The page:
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High sodium Assessment Questionnaire

Questions Your Doctor May Ask - and Why!

During a consultation, your doctor will use various techniques to assess the symptom: High sodium. These will include a physical examination and possibly diagnostic tests. (Note: A physical exam is always done, diagnostic tests may or may not be performed depending on the suspected condition) Your doctor will ask several questions when assessing your condition. It is important to openly share any pertinent information to help your doctor make an accurate diagnosis.

It is also very important to bring an up-to-date list of all of your all medical conditions, medications including dosages, and names of numbers of any specialist you see.

Create your printable checklist by answering questions that your doctor may ask below:

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  1. Symptoms of high sodium?

    Why: symptoms are usually non-specific but may include nausea, vomiting, fever and confusion. Seizures may occur if severely elevated sodium.

  2. How much fluid would you drink per day?

    Why: can help detect excessive thirst in diabetes insipidus and also deficient water intake which are both causes of high blood sodium.

  3. Risk factors for Type 2 diabetes mellitus?

    Why: e.g. previous impaired glucose tolerance or impaired fasting glycemia test; Aboriginal and Torres strait Islanders aged 35 years and over; certain high risk non- English speaking background groups aged 35 years and over (such as Pacific Islanders, Indian subcontinent, Chinese); people aged 45 years and over who have one of more of the following risk factors including obesity with BMI of greater or equal to 30, high blood pressure or first degree relative with Type 2 diabetes; previous heart attack, angina or stroke; previous gestational diabetes; obese women with polycystic ovarian syndrome.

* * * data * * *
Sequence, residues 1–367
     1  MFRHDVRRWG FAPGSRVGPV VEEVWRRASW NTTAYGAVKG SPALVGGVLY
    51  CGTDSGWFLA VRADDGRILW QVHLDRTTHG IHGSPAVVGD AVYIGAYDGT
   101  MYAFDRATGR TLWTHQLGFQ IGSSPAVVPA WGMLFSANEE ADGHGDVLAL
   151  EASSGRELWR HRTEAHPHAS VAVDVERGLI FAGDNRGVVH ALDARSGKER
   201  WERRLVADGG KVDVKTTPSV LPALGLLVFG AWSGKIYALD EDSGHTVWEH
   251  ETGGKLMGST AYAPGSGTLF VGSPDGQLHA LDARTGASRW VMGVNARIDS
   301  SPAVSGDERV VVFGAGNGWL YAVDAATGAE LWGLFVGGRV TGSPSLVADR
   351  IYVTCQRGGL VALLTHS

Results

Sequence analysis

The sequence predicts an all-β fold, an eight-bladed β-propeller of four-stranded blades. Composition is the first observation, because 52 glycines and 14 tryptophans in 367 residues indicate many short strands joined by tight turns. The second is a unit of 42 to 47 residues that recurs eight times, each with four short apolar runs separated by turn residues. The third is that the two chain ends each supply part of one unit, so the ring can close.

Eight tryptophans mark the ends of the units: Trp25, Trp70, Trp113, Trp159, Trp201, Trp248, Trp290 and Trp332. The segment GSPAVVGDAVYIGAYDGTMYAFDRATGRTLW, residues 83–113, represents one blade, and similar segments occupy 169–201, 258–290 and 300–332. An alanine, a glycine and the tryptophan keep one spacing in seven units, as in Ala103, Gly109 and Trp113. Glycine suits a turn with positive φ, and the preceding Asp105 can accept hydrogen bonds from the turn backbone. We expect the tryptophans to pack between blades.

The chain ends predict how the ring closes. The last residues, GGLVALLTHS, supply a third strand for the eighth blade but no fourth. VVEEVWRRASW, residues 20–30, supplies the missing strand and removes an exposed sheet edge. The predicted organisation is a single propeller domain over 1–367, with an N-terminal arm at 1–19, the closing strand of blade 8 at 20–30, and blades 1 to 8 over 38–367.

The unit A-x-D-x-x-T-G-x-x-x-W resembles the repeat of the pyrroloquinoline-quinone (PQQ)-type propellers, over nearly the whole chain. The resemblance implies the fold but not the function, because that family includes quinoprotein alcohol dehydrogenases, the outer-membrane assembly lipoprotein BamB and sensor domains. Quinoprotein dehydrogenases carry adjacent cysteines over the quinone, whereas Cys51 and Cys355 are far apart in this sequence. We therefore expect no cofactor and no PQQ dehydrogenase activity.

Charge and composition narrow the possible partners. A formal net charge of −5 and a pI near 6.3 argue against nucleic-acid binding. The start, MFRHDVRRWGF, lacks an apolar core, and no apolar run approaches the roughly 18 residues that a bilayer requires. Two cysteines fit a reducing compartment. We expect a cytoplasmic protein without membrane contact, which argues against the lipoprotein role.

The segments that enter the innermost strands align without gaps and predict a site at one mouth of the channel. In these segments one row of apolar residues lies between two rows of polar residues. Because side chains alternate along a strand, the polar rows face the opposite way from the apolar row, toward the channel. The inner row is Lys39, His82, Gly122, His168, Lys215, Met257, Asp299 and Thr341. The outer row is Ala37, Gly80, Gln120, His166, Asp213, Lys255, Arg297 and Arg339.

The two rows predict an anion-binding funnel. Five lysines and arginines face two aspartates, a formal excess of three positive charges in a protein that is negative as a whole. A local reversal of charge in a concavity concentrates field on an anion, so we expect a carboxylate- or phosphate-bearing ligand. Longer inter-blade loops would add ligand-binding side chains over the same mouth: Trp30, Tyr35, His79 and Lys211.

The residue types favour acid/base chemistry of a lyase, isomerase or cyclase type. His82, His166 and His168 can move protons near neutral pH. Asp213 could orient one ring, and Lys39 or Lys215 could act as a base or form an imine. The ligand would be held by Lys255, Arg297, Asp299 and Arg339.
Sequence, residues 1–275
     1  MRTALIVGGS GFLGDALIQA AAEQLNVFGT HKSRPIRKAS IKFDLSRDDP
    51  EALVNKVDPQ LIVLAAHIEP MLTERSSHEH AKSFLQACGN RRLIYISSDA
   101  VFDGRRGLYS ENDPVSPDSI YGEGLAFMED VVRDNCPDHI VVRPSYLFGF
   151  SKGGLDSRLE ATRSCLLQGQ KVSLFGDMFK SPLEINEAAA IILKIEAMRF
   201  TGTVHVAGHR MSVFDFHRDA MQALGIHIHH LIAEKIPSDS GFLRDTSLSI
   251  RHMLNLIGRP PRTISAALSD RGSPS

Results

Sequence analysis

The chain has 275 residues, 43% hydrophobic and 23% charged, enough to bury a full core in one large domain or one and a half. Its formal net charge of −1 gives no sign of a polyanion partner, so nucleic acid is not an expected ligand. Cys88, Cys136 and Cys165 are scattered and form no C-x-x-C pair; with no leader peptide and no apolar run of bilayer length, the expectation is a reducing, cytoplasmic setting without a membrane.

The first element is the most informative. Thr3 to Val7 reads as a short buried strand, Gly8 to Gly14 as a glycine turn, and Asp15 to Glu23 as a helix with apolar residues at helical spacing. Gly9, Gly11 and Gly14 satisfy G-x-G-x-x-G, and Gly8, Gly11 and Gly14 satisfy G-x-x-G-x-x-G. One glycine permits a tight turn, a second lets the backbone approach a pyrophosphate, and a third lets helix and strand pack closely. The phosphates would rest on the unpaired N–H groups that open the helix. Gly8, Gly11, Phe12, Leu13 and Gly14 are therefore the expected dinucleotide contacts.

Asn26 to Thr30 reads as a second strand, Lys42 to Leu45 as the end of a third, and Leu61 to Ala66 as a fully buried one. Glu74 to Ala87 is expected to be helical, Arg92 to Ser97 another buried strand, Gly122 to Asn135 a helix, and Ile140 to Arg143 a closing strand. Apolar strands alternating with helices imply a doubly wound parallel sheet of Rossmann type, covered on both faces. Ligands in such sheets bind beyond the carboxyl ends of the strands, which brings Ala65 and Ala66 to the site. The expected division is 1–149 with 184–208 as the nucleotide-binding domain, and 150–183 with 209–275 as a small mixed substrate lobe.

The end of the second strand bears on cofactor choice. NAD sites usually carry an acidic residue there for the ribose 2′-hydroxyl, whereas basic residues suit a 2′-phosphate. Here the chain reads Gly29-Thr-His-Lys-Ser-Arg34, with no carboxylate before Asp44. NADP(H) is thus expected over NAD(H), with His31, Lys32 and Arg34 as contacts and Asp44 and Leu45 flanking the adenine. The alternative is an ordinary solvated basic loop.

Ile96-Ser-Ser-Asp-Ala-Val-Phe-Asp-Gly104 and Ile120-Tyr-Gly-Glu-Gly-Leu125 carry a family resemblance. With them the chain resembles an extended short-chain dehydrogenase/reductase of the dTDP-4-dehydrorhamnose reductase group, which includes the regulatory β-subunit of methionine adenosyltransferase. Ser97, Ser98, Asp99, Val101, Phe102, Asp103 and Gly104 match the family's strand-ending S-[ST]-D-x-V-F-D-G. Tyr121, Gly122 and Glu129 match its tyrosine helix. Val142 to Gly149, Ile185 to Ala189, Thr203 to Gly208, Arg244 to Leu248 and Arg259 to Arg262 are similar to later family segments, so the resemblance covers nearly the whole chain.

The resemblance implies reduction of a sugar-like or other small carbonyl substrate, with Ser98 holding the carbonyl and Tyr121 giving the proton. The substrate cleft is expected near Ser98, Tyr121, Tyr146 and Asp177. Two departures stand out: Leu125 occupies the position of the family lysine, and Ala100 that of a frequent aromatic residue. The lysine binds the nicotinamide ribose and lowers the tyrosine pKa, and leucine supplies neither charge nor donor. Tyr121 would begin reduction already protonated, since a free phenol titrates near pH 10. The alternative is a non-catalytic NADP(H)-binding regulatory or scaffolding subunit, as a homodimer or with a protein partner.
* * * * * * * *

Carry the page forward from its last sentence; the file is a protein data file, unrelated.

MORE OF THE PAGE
4. Recent history of illness?

    Why: e.g. hyperosmolar diabetic coma usually occurs in diabetic ho have had an intercurrent illness such as pneumonia or pyelonephritis.

  5. Past medical history?

    Why: e.g. diabetes insipidus, Diabetes mellitus.

  6. Past surgical history?

    Why: e.g. hypothalamic-pituitary surgery is the most common cause of diabetes insipidus; pancreatectomy (removal of the pancreas) may cause secondary diabetes.

  7. Medications?

    Why: e.g. some medications can cause diabetes insipidus such as lithium, glibenclamide, tetracycline, amphotericin B; some medications may precipitate hyperosmolar diabetic coma such as thiazide diuretics or steroids.

  8. Symptoms of Diabetes insipidus?

    Why: e.g. frequency of urination, large quantities of urine produced, need to urinate at night, excessive thirst, dehydration.

  9. Symptoms of causes of Diabetes insipidus

    Why: e.g. pituitary tumor, hypothalamic tumor, brain metastasis, leukemia, tuberculosis, meningitis, sarcoidosis, base of skull fracture, brain hemorrhage, renal tubular acidosis.

  10. Symptoms of hyperosmolar diabetic coma?

    Why: e.g. people often present in middle or later life, often with previously undiagnosed diabetes or poorly controlled diabetes. Symptoms include dehydration, stupor, impaired consciousness or coma.

Conditions listing medical symptoms: High sodium:

The following list of conditions have 'High sodium' or similar listed as a symptom in our database. This computer-generated list may be inaccurate or incomplete. Always seek prompt professional medical advice about the cause of any symptom.

Select from the following alphabetical view of conditions which include a symptom of High sodium or choose View All.


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